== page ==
Sticklen has since befriended several other AFM parents and knows that her son’s recovery has been more complete than many others. This illness appears to be very individualized, so she says it’s hard to know the exact reasons why. But she now lobbies hard to make parents and doctors know that it’s vital to get an early diagnosis of AFM and better understand treatment options. She believes it’s the best way to help children who get this mystery illness.
“I know it’s only anecdotal, but I think early intervention is what made the difference for Billy. I think it stopped the inflammation from doing the most damage to my son, preventing more paralysis and possibly even saving his life, because it didn’t deeply impact his breathing,” Sticklen says. “I am aware this isn’t scientifically proven though, which is why the CDC needs to do even more to understand this illness and how best to treat it.”
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Lack of Guidelines
The CDC says it’s investigating AFM on several fronts -- working to get more data, monitoring AFM activity, confirming cases, and working with national experts to explore treatments. But the agency stresses there are no firm recommendations or official guidelines on how to treat it.
That message is echoed by the American Academy of Pediatrics (AAP), which says the group’s Red Book, a guide on how to diagnose and treat infectious diseases, does not have anything definitive on how to best treat children who have AFM symptoms.
The CDC says there continues to be a “paucity of published evidence for treatment of AFM, limited to case reports and case-series of patients with AFM.” So it says that when doctors see AFM cases, they must consult with experts treating AFM patients.
In the hopes of learning more about what is and isn’t working, the CDC now has a comprehensive website for assessing AFM patients. It contains tips for doctors to collect blood, stool, spinal fluid, and respiratory specimens from potential patients. And it outlines what it calls interim considerations for treatment that have been updated.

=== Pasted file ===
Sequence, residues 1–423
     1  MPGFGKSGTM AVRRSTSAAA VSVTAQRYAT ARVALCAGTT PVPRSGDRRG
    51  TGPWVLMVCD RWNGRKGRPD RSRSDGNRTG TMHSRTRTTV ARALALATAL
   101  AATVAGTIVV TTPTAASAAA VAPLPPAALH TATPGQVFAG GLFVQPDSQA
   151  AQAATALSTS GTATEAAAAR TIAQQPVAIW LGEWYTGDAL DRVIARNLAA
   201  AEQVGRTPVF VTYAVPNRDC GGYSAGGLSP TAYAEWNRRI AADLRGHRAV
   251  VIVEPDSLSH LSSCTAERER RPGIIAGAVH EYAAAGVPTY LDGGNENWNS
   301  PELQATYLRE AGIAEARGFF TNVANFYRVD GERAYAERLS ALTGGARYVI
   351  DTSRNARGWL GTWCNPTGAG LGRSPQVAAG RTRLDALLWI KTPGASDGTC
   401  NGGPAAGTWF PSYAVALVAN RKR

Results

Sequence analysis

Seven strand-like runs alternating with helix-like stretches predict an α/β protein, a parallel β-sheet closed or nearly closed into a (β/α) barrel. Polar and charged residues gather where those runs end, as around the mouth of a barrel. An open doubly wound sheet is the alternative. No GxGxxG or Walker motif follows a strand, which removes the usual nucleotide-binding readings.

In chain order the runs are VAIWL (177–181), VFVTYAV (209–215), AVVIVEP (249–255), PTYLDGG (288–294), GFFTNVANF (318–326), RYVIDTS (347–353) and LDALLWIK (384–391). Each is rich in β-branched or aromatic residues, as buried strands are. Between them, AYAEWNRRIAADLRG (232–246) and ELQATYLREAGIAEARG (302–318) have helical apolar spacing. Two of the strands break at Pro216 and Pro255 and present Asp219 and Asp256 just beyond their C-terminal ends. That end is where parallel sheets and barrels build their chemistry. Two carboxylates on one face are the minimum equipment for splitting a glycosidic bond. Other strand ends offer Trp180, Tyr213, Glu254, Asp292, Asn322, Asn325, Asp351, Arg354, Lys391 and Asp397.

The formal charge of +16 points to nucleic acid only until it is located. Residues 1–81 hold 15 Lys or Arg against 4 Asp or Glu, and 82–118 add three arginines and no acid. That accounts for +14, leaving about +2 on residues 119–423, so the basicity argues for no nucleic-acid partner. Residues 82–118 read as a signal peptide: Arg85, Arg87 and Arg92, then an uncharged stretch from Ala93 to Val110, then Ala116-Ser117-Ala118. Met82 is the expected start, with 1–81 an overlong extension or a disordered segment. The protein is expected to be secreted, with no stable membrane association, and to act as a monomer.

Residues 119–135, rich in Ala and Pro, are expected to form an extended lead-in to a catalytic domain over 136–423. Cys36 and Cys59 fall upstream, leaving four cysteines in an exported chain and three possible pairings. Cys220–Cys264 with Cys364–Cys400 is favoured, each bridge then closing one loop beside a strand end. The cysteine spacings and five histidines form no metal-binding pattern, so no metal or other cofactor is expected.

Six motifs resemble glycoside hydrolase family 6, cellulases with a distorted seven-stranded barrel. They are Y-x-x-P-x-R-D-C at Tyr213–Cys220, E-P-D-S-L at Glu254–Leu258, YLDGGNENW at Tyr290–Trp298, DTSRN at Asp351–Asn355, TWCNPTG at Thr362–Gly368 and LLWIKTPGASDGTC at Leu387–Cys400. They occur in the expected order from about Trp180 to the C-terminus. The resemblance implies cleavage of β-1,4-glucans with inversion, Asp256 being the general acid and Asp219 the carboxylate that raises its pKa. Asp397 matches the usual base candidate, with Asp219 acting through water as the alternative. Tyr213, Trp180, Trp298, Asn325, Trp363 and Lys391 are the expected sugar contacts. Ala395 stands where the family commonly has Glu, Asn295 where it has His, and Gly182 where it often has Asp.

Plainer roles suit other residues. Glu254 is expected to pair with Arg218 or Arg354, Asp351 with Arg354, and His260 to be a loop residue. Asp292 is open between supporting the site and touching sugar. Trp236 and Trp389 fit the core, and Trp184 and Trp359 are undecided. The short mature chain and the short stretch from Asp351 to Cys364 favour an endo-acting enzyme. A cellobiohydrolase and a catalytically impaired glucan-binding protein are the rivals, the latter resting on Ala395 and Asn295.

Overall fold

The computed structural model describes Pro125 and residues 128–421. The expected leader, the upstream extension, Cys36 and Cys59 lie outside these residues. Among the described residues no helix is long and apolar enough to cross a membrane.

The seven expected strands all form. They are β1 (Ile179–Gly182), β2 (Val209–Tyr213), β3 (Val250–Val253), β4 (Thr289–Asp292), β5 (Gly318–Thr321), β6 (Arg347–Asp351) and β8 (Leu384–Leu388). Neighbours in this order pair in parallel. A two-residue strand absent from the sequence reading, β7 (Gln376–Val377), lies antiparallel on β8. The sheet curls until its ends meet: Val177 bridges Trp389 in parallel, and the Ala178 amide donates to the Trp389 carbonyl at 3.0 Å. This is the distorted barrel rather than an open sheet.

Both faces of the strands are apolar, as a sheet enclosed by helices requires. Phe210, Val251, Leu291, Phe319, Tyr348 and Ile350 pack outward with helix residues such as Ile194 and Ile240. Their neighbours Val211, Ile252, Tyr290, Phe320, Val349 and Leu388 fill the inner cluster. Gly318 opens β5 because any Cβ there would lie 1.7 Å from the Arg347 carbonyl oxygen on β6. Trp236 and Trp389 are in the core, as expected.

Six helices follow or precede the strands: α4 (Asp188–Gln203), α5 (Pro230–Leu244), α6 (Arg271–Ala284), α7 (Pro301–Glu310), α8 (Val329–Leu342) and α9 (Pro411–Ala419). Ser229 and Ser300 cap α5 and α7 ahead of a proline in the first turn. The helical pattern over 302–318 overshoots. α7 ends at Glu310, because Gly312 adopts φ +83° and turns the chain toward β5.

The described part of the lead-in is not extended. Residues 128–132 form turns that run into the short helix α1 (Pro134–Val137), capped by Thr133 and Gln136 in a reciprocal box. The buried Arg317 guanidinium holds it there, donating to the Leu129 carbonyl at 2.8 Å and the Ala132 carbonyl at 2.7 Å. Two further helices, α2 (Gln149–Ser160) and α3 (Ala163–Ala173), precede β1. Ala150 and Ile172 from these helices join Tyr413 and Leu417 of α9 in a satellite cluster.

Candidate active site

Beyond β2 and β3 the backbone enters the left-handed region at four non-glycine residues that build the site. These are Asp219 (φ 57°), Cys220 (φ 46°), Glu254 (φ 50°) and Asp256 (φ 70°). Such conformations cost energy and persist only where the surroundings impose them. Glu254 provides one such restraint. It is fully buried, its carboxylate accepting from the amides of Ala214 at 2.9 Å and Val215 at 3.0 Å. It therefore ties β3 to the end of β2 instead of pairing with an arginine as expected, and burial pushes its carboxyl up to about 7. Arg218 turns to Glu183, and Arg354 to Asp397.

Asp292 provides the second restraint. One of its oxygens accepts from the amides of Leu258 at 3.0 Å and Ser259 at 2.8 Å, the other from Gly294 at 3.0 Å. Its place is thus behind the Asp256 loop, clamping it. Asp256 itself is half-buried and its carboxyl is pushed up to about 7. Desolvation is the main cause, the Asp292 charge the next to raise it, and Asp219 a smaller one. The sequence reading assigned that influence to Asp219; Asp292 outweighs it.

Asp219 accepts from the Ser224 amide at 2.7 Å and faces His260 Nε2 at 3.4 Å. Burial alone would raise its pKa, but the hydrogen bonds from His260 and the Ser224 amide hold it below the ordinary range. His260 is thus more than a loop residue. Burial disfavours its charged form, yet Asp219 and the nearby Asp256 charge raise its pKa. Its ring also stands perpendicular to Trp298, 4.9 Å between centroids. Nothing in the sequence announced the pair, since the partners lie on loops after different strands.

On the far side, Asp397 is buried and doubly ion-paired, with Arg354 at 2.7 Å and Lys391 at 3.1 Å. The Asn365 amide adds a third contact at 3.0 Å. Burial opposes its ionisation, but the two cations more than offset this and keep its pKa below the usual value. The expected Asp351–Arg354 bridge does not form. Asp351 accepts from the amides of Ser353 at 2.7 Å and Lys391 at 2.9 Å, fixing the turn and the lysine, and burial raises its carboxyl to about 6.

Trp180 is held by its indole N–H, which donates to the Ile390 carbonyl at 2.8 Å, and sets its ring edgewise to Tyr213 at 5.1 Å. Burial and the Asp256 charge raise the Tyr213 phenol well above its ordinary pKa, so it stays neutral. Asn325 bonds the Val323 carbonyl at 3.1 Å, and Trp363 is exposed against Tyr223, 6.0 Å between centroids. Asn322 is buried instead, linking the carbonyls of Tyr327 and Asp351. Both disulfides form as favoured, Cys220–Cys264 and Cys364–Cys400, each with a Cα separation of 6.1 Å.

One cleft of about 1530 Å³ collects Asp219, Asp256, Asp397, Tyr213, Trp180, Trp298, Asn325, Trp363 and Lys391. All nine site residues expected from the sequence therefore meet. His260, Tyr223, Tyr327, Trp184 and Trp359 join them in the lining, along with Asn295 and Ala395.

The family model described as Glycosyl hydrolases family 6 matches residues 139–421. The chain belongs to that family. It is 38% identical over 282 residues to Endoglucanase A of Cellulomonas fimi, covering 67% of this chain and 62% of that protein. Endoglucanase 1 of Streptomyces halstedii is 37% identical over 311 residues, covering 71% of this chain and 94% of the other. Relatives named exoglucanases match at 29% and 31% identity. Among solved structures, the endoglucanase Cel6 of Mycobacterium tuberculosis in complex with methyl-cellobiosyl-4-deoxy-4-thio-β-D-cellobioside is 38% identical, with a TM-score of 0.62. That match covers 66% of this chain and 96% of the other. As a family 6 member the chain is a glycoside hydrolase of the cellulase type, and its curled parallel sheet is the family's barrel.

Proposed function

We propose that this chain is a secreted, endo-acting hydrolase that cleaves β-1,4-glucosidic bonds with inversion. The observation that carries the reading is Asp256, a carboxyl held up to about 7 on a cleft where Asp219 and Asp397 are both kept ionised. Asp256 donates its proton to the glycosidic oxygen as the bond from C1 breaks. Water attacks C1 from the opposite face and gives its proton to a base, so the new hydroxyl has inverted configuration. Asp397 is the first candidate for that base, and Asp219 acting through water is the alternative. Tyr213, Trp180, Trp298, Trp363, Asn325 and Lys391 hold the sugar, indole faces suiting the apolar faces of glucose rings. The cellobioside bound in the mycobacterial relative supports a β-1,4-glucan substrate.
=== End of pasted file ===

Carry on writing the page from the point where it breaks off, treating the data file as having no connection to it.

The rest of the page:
The therapies referenced include:
- Corticosteroids (anti-inflammatories)
- Intravenous immunoglobulin (IVIG), which is a mixture of antibodies prepared from many donors
- Antiviral medications
- Fluoxetine (Prozac)
- Interferon, a protein naturally produced by cells to fight viruses
- And immunosuppressive medications or biological modifiers
But the agency stresses there’s no indication any of these treatments should be preferred or avoided. And while it says there’s no evidence IVIG could harm patients, it warns there is some evidence that corticosteroids, interferon, and immunosuppressants could cause harm, and there are risks with plasma exchange. The agency also points out that a recent study on a mouse model didn’t show fluoxetine to be effective.
“As research continues to identify the cause of AFM and how to best manage AFM, we hope that we will be able to manage patients with AFM even better,” says Mobeen H. Rathore, MD, a spokesman for the American Academy of Pediatrics and chief of infectious diseases and immunology at Wolfson Children’s Hospital in Jacksonville, FL.